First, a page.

But I think that the most significant practical issue is that if we are moving towards an enterprise bargaining environment, a more overtly collective bargaining kind of industrial relations system, then the right of workers to withdraw their labour as part of that process becomes a very significant practical issue in a way that it's not in a situation which is more oriented towards compulsory arbitration. Because if you've always been able to make an argument to the effect that if workers and their unions have access to a system of compulsory conciliation and arbitration, then the need to resort to industrial action should be that much less.

Indeed, the founding fathers of the conciliation and arbitration system thought that it should completely displace the strike and the lock-out, but if you're moving away from - that was unrealistic and simplistic I think - but nevertheless, there was something in it. There was some force to that view that if you have that kind of system you don't need to have the same kind of recourse to strikes and lock-outs as you do in a true collective bargaining system. So if we're moving towards a true collective bargaining system, then I think as a matter of logic and as a matter of fairness, workers must have the right, without fear of legal penalty, to withdraw their labour in certain circumstances.

KEVIN HUME: Try and tell that, though, to either the employers who fought this sort of freeing up and the right to strike considerably over a period of time, and to the Coalition, for that matter, as well.

BREEN CREIGHTON: Well, I mean - I don't think that the response of the major employer bodies in this area is particularly rational. I don't think it's particularly consistent. I mean, it's not for me to speculate as to why they take such a narrow view, publicly, at least. I suspect that some employer representatives privately would acknowledge that one really can't, in an enterprise bargaining, collective bargaining environment, seek to maintain the existing sanctions provisions on touch.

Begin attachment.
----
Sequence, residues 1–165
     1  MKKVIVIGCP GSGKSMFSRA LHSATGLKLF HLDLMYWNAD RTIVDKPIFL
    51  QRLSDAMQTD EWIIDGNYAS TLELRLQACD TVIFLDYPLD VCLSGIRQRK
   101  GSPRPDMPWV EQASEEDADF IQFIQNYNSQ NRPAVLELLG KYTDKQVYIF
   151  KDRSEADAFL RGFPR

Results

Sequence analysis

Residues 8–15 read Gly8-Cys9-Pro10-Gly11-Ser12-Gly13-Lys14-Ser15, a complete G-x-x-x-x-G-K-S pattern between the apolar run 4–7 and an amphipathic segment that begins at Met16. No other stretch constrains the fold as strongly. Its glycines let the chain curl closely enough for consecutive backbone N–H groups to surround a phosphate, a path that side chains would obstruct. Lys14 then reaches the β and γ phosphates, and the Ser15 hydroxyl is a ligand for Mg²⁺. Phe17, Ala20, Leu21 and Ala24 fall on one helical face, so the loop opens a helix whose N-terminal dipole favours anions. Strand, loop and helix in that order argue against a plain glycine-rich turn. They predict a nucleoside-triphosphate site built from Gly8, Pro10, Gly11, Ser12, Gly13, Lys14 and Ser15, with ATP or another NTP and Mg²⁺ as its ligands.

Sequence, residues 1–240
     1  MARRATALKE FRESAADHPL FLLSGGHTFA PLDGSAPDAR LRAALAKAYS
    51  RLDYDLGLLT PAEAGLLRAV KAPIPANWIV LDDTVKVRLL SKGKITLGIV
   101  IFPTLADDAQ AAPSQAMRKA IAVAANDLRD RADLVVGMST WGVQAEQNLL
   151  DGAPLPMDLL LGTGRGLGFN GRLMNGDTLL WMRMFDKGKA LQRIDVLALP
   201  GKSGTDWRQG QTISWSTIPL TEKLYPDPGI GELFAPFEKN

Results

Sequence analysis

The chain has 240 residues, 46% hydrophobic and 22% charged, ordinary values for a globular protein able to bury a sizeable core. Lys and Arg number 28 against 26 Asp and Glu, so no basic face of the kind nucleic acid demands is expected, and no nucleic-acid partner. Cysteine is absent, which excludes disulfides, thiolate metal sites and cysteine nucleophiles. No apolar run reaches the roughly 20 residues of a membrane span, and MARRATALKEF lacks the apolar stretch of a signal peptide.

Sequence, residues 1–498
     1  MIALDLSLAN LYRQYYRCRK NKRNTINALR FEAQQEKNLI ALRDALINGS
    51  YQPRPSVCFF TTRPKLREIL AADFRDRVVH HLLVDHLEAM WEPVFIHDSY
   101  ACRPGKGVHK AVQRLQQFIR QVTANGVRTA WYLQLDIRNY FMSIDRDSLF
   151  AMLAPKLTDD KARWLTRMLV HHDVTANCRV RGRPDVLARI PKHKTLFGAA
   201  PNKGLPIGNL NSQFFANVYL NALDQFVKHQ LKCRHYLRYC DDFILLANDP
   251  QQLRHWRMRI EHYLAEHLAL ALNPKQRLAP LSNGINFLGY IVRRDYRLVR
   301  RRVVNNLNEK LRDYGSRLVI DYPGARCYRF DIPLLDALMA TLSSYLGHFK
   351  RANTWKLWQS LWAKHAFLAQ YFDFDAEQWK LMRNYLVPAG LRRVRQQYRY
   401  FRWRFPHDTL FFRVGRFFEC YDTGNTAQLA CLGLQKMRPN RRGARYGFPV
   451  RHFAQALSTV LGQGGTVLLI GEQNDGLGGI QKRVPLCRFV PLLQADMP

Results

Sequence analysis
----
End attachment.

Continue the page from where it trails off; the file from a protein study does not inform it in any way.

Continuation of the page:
But there's also, I think, a very considerable element of double standards in operation. I mean, if you consider the ACCI - the CAI as it used to be - they presented a complaint to the ILO complaining about the ten thousand membership requirement for registration of Federal unions and for continued registration of Federal unions. That complaint was upheld and the ACCI demands legislation to give effect to that decision. And indeed, the previous Minister for Industrial Relations indicated that the Government would legislate to give effect to that decision.

Well, that's fine. The decision is there. I have my own views as to whether it's a well-founded decision but the fact is, it is there. The relevant committee has very clearly said that Australian law is in breach and I think it's right and proper that we should legislate to give effect to that decision. But if we do that, then I think we should also - and I think the employer organisations ought to recognise that we need to give effect to the ILO decisions on the right to strike, which have been very clear and consistent over a period of years.

KEVIN HUME: Breen Creighton, thank you for joining us. Professor Breen Creighton who is Professor of Legal Studies at La Trobe University.